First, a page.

A VETERAN AUSTRALIAN rugby broadcaster has said he regrets describing a Wallabies player as having a “golliwog” haircut during the first Bledisloe Test in Sydney.
The word “golliwog” — a black rag doll that became a symbol of racial stereotyping — was once widely used, including for chocolate biscuits manufactured by Arnott’s that were renamed in the 1990s.
Gordon Bray was calling the Rugby Championship opener between Australia and New Zealand for commercial broadcaster Channel Ten when he commented on hooker Tatafu Polota-Nau’s haircut.
He said he could not recognise the 33-year-old, who is of Tongan heritage, “with that short back and sides”, adding: “What happened to the golliwog haircut?”
The television station said on Sunday that Bray had spoken to Polota-Nau about the incident and “Tatafu has assured Gordon he took no offence to the comments whatsoever”.
“In no way did Gordon intend to cause any harm with his comments and deeply regrets his remarks during last night’s broadcast,” Ten told Fox Sports.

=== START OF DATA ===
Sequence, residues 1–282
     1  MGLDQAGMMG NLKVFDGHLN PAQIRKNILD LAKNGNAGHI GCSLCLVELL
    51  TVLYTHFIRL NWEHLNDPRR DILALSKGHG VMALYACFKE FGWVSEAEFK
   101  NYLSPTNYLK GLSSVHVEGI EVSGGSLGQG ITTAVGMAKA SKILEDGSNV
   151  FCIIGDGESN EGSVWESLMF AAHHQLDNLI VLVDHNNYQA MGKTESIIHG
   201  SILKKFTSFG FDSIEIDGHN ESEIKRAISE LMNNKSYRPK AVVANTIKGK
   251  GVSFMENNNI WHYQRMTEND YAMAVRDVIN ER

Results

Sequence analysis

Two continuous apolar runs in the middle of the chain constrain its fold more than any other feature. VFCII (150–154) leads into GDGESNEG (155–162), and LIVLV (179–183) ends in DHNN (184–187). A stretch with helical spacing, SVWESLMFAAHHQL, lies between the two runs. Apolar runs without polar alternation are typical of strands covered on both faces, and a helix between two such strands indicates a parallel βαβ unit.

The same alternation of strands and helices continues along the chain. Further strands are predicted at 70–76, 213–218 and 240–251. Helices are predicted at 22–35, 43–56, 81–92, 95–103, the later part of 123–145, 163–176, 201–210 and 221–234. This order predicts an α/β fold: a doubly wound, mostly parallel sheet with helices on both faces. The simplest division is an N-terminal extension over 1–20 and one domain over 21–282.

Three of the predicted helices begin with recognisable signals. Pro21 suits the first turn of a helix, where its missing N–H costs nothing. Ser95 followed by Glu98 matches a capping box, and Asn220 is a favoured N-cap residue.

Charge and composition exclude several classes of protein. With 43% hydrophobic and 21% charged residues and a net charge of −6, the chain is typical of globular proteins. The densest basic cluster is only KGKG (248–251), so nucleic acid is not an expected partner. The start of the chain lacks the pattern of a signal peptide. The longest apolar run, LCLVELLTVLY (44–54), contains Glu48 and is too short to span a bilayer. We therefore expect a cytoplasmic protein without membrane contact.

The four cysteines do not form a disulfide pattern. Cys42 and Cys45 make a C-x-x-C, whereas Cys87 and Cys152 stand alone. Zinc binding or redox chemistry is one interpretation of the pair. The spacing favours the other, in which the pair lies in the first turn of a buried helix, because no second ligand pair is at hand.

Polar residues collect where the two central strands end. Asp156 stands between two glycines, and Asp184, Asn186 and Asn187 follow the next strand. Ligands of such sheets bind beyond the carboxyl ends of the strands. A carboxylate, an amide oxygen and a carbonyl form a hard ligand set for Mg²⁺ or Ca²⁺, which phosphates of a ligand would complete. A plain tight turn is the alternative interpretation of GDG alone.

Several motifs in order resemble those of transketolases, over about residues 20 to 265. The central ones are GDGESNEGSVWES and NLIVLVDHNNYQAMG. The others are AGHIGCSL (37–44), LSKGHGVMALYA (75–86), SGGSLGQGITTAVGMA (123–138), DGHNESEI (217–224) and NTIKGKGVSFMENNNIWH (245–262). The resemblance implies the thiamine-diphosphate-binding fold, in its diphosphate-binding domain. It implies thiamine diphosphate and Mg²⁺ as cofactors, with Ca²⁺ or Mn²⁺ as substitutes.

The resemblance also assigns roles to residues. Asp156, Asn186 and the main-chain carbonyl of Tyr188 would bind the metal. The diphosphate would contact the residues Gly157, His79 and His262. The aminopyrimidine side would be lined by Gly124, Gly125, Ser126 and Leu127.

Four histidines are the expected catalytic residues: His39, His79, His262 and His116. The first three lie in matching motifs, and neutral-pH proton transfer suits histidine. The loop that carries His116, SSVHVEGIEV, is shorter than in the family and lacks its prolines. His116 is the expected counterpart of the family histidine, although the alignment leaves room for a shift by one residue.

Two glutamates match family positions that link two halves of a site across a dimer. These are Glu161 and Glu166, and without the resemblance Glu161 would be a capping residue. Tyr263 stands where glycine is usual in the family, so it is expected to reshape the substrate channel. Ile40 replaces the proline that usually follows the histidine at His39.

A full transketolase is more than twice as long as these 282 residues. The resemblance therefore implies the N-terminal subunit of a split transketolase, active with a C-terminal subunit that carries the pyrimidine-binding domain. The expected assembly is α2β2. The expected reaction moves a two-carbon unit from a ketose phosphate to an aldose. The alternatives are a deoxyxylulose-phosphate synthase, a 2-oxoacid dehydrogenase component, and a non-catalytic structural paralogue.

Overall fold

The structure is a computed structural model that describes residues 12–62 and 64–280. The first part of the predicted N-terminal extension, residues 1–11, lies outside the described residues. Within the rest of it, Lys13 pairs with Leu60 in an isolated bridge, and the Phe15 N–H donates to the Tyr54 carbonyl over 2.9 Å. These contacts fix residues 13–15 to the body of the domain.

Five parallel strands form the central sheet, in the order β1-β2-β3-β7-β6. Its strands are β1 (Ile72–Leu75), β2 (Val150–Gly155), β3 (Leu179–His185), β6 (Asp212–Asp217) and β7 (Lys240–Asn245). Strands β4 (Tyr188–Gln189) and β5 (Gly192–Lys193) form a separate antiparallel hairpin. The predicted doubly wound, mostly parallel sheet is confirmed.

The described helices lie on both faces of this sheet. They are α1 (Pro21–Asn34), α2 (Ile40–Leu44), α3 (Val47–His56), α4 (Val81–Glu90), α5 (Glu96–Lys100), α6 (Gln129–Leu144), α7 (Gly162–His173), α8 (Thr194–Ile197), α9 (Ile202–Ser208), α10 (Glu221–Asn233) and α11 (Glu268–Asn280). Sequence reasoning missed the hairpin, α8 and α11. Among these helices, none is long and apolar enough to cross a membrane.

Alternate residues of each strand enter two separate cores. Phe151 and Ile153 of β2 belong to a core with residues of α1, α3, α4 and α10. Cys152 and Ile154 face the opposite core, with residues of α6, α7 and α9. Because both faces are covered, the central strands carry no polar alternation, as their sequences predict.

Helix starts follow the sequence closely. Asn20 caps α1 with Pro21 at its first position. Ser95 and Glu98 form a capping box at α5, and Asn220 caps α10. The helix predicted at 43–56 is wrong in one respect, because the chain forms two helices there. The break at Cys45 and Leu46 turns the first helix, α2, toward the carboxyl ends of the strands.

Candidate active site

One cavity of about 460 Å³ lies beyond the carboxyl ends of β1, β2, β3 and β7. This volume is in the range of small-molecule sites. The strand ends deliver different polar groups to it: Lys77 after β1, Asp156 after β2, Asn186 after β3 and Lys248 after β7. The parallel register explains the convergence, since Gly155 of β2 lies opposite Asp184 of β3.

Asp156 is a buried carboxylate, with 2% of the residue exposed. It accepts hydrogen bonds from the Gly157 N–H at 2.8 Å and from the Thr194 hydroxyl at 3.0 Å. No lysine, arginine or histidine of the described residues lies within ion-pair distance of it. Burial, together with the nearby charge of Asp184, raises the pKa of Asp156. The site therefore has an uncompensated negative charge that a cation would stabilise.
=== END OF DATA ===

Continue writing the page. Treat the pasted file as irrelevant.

Bray told the Sydney Morning Herald he used the term “in an affectionate manner” and it was not intended to be offensive.
“I know the guy, I have great respect for him. When he played at Suncorp Stadium (last year) he had that massive hair and so I was saying it was hard to recognise him with the new haircut,” he added.
The broadcaster was slammed for his remarks on social media, with one Twitter commentator writing: “Such blatant racism & ignorance of Polynesian cultures is sad & disappointing.”
Another wrote: “Did the Aussie commentator… just use the term ‘golliwog haircut’? Just checking it is 2018.”